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Marginal Maps

Samuel Tongue merges book history, marginalia studies, reader usage, cartography, and cultural geography to theorize the inclusion of maps as an example of biblical marginalia in 16th-century printed Bibles. By examining a specific example of a user adding their own marginal map, Tongue focuses on religious, historical and economic forces that undergird their authority, arguing that, for a certain user, these maps produce an imagined ‘Palestine,’ framing the land as stage for a divine history, while also underwriting the ‘truth’ of the biblical texts in a type of cartographical Protestant geopiety.

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Hula Hoop Spiritualities: Social Media, Embodied Experience, and Communities of Practice

Jenna Gray-Hildenbrand and Martha Smith Roberts investigate how the hula hoop has become both an empowering tool for embodied practical spirituality rooted in metaphysical religiosity and a basis for a thriving community connected not by a shared dogma but by a common practice. They argue that the growth of the hooping subculture lies in its ability to nurture the diverse spiritual experiences of individual hoopers and to build an inclusive hooping community (composed of both spiritually and recreationally motivated hoopers).

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Replicating the Holy Land in the U.S. (a ‘Materializing the Bible’ Road Trip)

James S. Bielo analyzes a practice of religious replication: re-creations of Holy Land sites in the United States. Such replications invite visitors into an experience of sensorial and imaginative immersion, marshaling indexical techniques for materializing the Bible. Replicating the Holy Land is a strategy for actualizing the virtual problem of authenticity, a problem that animates any and every lived expression of Christianity. To explore this phenomenon, we indulge another national tradition: the great American road trip. This essay emerges from a larger project, Materializing the Bible, curated by Bielo.

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Enacting “Electronic Qur’ans”: Tradition Without a Precedent

Natalia Suit describes instances in Egypt in which the Qur’ān is enacted through the daily routines of worship and piety known as the etiquette of the muṣḥaf. These practices, she argues, are inseparably entangled with technology. A book made of paper is not the same as the Qur’ānic text on the screen of a phone. A text visible on the page does not necessarily appear in the same way as its digitized version under a plastic cover. When the medium of the message changes, the etiquette of the muṣḥaf changes as well, and practices are redefined to accommodate this new and unprecedented materiality of the text.

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New Images for New Publics: Oral-Visual Narratives of the Telangana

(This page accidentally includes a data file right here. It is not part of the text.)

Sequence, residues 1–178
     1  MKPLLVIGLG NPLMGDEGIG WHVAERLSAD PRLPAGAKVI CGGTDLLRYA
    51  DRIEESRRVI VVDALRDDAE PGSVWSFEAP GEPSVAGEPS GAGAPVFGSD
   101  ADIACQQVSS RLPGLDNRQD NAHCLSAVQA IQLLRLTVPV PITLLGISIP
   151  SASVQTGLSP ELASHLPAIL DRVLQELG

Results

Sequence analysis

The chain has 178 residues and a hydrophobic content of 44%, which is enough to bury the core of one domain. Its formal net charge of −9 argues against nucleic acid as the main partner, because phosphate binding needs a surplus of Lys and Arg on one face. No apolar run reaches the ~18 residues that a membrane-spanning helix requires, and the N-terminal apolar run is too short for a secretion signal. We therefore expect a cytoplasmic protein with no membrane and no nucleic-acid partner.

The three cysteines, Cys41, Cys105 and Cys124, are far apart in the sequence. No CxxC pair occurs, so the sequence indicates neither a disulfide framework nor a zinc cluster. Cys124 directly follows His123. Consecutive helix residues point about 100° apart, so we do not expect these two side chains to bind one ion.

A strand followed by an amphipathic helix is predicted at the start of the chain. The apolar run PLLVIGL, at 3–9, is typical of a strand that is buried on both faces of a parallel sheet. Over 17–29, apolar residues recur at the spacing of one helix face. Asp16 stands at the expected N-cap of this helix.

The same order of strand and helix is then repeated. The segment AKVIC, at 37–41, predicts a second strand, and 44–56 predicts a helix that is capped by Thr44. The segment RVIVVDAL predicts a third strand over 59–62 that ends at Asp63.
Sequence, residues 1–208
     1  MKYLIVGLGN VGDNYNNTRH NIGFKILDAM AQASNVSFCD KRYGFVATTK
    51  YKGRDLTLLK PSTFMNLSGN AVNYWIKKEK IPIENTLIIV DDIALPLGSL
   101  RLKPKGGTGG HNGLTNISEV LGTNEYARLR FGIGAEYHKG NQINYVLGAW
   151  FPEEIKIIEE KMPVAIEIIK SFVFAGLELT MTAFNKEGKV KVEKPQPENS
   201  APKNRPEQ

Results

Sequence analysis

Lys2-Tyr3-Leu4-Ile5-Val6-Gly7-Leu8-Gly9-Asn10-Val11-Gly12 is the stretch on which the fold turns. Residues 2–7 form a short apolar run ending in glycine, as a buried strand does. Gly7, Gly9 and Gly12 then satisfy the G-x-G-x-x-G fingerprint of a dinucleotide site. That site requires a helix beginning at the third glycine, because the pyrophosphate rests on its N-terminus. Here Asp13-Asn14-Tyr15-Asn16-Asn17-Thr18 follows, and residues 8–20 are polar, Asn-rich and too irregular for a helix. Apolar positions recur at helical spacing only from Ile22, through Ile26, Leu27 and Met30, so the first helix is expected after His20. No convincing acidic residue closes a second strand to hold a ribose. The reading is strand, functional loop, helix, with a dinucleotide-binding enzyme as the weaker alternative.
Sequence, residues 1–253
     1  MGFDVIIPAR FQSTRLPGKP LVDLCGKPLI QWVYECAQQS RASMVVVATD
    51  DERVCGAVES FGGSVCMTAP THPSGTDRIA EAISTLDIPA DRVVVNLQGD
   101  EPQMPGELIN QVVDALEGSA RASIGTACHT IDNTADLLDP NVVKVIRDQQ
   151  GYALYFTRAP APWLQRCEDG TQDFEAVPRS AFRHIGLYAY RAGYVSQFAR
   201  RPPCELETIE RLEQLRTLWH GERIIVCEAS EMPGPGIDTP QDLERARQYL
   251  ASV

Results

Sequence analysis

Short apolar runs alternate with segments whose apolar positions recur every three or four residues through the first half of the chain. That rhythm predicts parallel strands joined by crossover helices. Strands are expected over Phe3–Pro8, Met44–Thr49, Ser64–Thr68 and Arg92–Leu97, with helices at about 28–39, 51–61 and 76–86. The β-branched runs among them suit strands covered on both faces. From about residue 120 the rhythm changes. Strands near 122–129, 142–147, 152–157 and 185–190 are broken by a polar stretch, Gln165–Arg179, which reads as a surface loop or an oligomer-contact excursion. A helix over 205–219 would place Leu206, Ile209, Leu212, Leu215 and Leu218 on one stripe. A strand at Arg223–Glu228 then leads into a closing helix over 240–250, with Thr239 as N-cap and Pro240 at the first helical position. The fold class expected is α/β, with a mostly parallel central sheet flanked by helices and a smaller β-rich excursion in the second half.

Chandan Bose analyses an oral-visual tradition of South India to argue that the efficacy of such storytelling is located not just in linguistic practice but in a performative ‘doing’. That it is through acts of performance and participation that storytellers, audience and practice forge relationships with each other, invent new traditions, and confront the tensions of contemporary conditions of production and reception.

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The Church-Museum: Context and (Dis)connection in Public Religion

Alexandra Antohin explores the museum-ification of churches in Ethiopia, Russia and the U.S. and how exhibitions and tours of religious significance establish active reference points for new forms of public engagement. Antohin draws upon her experience of these sites as well as contextualization theory to explore how religious media are included in the interpretative space of ‘church-museums’. She suggests that in Ethiopia, where tourism is still a new industry, multiple subjectivities and modes of interpretation may emerge through the display and reception of religious media in a public context.

Between Temples and Toilets: Sanitation Worship in India

Jacqueline Cieslak artfully describes the complicated relationships between sanitation, reverence, and political contrivance in contemporary India. Cieslak focuses on the phenomenon of ‘The Toilet’ and its objectification as artefact and cultural institution. She argues that officials have not simply recruited religious imagery but that sanitation itself has become an object of worship.

Transformative Rituals

Dimitris Xygalatas suggests here, in the final section of his book, The Burning Saints, that rituals can be deeply transformative. In this case, a person suffering from a mood disorder is cured by virtue of her participation in a traditional fire-walking ritual in the town of Agia Eleni in Northern Greece. Agia Eleni is one of five villages that celebrate the tradition of the Anastenaria, a group of Orthodox Christians who practice a fire-walking ritual. These rituals are performed at a konaki, a place where icons and other religious objects are stored and venerated. This passage is evocative of an important excerpt from Durkheim’s classic, The Elementary Forms of Religious Ideas, where he wrote: “the real function of religion is not to make us think, to enrich our knowledge…but rather, it is to make us act, to aid us to live. The believer who has communicated with his god is not merely a man who sees new truths of which the unbeliever is ignorant; he is a man who is stronger. He feels within him more force, either to endure the trials of existence, or to conquer them.”